Full disclaimer, I haven’t been all that into TWS. I mean, I know that this is the way of the industry today but the anti-establishment in me has always been reluctant to hop onto the wireless audio train. Maybe I have been in denial or I am an aging dinosaur but I have always sworn by wired earphones.
But when my trusty, beloved Pace Mzooka earphones met their untimely death courtesy of a door handle, it was time to hop onto the hype train and go for true wireless earbuds. A quick consult with my colleagues revealed that everyone had their own preference but the Anker Soundcore Life P2 Review were my go-to.
As fate would have it, Oraimo announced their Freepods 3 just a couple of weeks ago and I thought, Oraimo is one of my favorite Africa-focused brands and I have heard good things about the previous Freepods 2 Pro so, why not get the Freepods 3? Well, today I just took procession of my Freepods 3, and here’s my experience. Spoiler; these things are the real deal!
The unboxing experience is pretty unique and clearly, Oraimo put a lot of thought into this. For just a pair of TWS, the box is a little bulky but opening it reveals why this is so. You might actually want to keep this box.
In the box, you get the following:
- 1x Oraimo Freepods 3 case with the buds inside
- 1x USB-C Charging cable
- 2 pairs of replacement rubber tips
The pairing process is pretty seamless. Just open the case and once you see the LED on the earbuds, open your phone and go to the Bluetooth settings. Locate the Oraimo Freepods 3 and tap to pair.
The Freepods 3 do support AAC codecs. AAC is one of the most popular codec after MP3 and employs a complex lossy compression method and is the most common audio format on the internet. More on that in our explainer for Bluetooth codecs.
To say that I was blown away by the audio out of these little guys is an understatement. I loved my wired earphones and they had some serious punch in the sound. But no earphones I have owned come close to the kind of sound from the Freepods 3.
The bass is punchy but isn’t overbearing. Oftentimes, I have had to install an EQ app to tweak the music from my phone just how I’d like it but with these Freepods, I don’t really need to. The sound is balanced out of the box with the highs and mids coming through clearly in almost all volume levels except when you’re like, maxing it out.
Oraimo makes some bold claims over the battery life on these bad boys. In my week or so of usage, I wasn’t able to kill them in one sitting which involves several hours of music streaming while connected to the PC.
Oraimo quotes 8 hours per charge for the Freepods and an additional 28 hours from the charging case and I am inclined to believe that. Besides, 8 hours of charge is more than enough for even the longest Zoom meetings.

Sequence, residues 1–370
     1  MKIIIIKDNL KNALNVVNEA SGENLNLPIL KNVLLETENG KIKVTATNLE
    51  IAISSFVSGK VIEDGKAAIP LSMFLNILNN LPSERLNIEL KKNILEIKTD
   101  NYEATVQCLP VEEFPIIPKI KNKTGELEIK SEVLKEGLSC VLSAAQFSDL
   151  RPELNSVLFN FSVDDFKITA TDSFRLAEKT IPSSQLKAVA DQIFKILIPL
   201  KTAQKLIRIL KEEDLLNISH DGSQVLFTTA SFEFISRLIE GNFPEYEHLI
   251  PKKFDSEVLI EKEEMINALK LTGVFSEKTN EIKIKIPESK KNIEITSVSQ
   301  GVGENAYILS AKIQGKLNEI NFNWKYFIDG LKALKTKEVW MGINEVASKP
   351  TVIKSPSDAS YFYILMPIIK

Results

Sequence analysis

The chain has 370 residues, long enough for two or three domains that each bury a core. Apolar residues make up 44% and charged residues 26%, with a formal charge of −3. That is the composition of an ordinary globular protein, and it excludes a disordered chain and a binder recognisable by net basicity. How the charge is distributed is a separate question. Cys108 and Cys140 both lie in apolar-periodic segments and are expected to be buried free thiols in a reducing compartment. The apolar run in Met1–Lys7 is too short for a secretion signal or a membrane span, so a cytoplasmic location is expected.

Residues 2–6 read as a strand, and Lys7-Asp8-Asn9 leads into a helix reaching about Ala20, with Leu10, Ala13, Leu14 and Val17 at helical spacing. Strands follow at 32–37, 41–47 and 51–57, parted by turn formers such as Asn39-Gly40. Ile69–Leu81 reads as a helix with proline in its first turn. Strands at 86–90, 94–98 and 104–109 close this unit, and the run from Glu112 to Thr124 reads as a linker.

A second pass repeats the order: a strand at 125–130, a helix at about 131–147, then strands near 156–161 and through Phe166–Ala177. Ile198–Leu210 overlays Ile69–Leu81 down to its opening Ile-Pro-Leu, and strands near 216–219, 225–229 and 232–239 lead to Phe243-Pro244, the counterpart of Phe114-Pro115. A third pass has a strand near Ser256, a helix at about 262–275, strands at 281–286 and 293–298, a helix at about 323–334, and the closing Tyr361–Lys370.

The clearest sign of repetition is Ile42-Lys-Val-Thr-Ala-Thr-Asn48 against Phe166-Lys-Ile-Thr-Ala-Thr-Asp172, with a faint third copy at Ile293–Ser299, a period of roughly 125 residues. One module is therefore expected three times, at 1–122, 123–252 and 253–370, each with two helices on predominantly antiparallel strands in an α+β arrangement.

Basically, there is no reason to worry about the battery life on these buds.
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The FreePods 3 come with touch-sensitive areas on both earbuds. Tapping on these allows you to perform various functions as follows.
- Two taps on either earbud plays and pauses music
- Two taps can also answer or end calls on either
- Long press for 1.5 seconds on left earbud goes to previous track
- Long press for 1.5 seconds on right
I am still trying to figure out the touchpoints of these Freepods, maybe because I am new to these touch controls, or maybe they aren’t as sensitive as they probably should be but I am still having some trouble about a week in.
Environmental Noise Cancellation Technology (ENC)
Perhaps one of the most hyped aspects of this product is the Environmental Noise cancellation Technology. This is supposed to isolate your voice from a noisy place and have users on the other end of meetings and calls hear you more clearly.
In my testing, these buds offered decent voice isolation but nothing too dramatic. I didn’t get to use the previous generation but I suppose these should be better than the previous gen due to this feature.
One thing is for sure though, these are no match for any Noise canceling earbuds in the market today.
Awareness and Bass Mode
One nifty feature that I love about these buds is the replaceable ear tips. The packaging also offers you two extra pairs of these silicon tips, presumably for users who need a different fit but if we’re being honest, many will just use these as replacements for when they lose the default ones.
So, awareness mode is the mode when you use the Freepods 3 without the tips. This allows ambient sound to get through to your ears hence awareness mode. Bass mode is when you have the silicon tips attached. These should provide a seal and result in deeper bass…Bass mode!
What are some of the cons?
I legit struggle to find bad things to report about these Freepods 3, mostly because my expectations have been exceeded, especially for the price. But these aren’t perfect.
The Freepods 3 have a default tune that is a little heavy on the bass. This is fine for most casual users but might not be ideal for audiophiles. And unfortunately, there’s no way of changing this. It’d be nice to have a companion app, but for the price, this is nitpicking.
Another issue that has cropped up over the past few weeks is the quality of the case. Whatever material used to make this case is, it’s not very durable. Just a few weeks in and the case looks beat with scratches all over. Of course, the buds still work well and the case still charges the buds but it is something to note.
Pricing and Availability
The Freepods 3 have been available in the market for about a month now and you can find them in your nearest accessory store. You can also get them from Oraimo’s official online store.
The Freepods 3 should run you a cool KES 3,300 ($30) but could go as high as KES 4,000 owing to the current demand and ongoing shortage of supply.